An artist noted for his vibrant canvases of Nantucket’s rambling lanes, alleys and light-splashed waterfront, Henry Stephens Eddy used a bright palette and generous amounts of paint, mixed with choppy, expressive brushwork to capture light at a specific time of day.
Indeed, a review of the Easy Street Gallery’s first exhibition in the Inquirer and Mirror singled out Eddy for praise: “One feels in (his canvas) the beauty and quietude of the early morning.” This gallery, opened in 1924, dominated the art scene in Nantucket at the height of the early Art Colony years and Eddy was an extremely popular exhibitor.
Born in Rahway, New Jersey, the artist later lived in Upper Montclair, and eventually settled in Westfield, New Jersey. Eddy received his early education at the Pingry School in Elizabeth, where his art instructor was August Mills. He began his formal art training at the Pratt Institute in Brooklyn and later attended the Art Students League in New York City under an impressive array of teachers that included John H. Twachtman and Stephen A. Douglas Volk. Eddy also studied with George E. Browne and with Alphonse Mucha who came to the US and taught in New York City between 1906 and 1910. He began exhibiting at the National Academy of Design in 1919 and continued showing his work there almost yearly until 1933.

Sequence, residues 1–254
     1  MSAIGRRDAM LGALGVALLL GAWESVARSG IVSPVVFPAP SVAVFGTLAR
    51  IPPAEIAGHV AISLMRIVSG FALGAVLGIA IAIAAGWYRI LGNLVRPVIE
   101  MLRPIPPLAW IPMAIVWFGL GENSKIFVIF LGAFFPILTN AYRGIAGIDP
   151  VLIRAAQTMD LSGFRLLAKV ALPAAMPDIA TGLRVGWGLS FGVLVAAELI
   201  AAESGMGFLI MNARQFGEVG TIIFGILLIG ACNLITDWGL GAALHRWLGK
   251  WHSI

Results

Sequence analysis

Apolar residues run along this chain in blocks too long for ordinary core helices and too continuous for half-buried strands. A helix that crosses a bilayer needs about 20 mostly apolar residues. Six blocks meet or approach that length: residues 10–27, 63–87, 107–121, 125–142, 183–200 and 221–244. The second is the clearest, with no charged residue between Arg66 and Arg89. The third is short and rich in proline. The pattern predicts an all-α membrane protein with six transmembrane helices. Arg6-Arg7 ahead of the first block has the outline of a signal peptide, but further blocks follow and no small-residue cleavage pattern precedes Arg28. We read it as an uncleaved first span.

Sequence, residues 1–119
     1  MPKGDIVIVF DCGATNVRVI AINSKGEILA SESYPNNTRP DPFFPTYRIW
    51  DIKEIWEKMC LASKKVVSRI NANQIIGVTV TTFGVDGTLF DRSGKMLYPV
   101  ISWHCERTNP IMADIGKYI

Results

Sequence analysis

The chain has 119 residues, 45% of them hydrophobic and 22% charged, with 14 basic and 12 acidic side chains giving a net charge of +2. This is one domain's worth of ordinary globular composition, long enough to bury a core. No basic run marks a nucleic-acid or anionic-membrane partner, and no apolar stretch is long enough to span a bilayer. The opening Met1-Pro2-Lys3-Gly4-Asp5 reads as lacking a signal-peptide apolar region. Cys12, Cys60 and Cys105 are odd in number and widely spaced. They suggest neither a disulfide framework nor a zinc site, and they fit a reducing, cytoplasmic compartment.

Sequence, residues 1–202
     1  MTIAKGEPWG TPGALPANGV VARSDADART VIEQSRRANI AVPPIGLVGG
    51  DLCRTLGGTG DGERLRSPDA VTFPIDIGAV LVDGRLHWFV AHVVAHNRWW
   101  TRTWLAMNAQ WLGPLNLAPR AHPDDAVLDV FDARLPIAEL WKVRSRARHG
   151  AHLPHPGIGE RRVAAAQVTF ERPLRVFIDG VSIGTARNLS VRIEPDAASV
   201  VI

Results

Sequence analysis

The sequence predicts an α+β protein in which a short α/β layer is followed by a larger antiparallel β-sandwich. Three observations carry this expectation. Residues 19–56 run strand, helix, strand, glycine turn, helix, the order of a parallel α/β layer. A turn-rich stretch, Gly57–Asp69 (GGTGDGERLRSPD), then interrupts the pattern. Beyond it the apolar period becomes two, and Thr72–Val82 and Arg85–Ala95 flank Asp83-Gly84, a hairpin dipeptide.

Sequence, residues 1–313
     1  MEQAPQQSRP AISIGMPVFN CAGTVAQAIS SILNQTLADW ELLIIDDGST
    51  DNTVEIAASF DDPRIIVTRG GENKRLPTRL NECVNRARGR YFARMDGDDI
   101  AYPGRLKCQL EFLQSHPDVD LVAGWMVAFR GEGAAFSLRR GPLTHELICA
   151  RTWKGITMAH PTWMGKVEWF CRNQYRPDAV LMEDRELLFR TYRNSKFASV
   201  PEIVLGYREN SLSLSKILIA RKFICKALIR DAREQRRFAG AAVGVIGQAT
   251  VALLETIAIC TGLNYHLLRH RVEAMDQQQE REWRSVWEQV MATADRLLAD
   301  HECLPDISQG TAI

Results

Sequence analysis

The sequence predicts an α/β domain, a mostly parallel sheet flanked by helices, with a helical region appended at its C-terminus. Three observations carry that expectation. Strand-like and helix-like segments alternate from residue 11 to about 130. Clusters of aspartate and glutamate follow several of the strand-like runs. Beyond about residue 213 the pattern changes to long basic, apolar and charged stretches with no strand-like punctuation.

Eddy discovered Nantucket via the Provincetown Art Colony, which he visited beginning in 1920 together with fellow members of the Art Students League. Through a Montclair acquaintance, Eddy and his wife traveled to Nantucket in the summer of 1922 where they rented one of Florence Lang’s waterfront studios. Nantucket, it was said, was a village of memories and those memories he sought to capture on canvas. While on there, he lived in the heart of the Art Colony in a series of studios that included Barnsite on lower Main Street, the Forge studio (Main Street), and ultimately purchased 119 Main Street as his summer home.
Lifetime achievements included being a founder and a former president, of the Westfield Art Association. He was also a member of the Artist Fund Society, Allied Artists of America, American Painters, Plainfield Art Association, Salmagundi Club, Lotus Club, and the Montclair Art Association. In addition, he was also a member of the Nantucket Yacht Club, a natural affinity for a painter drawn to marine scenes who also happened to be the great-grandson of a New Bedford captain of the whaling ship Ann and Mary. The artists’ work is included in the collection of the Milwaukee Art Institute, The Artnot Art Gallery, and the Lotus Club, as well as many local Nantucket collections.
The artist died there on August 9, 1944.
Biographical information excerpted from the exhibition catalog: The Nantucket Art Colony, 1920-1945 Nantucket Historical Association, 2007; Information also provided by the Westfield Art Association Archives.
Written and submitted by Edward T. Bentley, researcher of Lansing, Michigan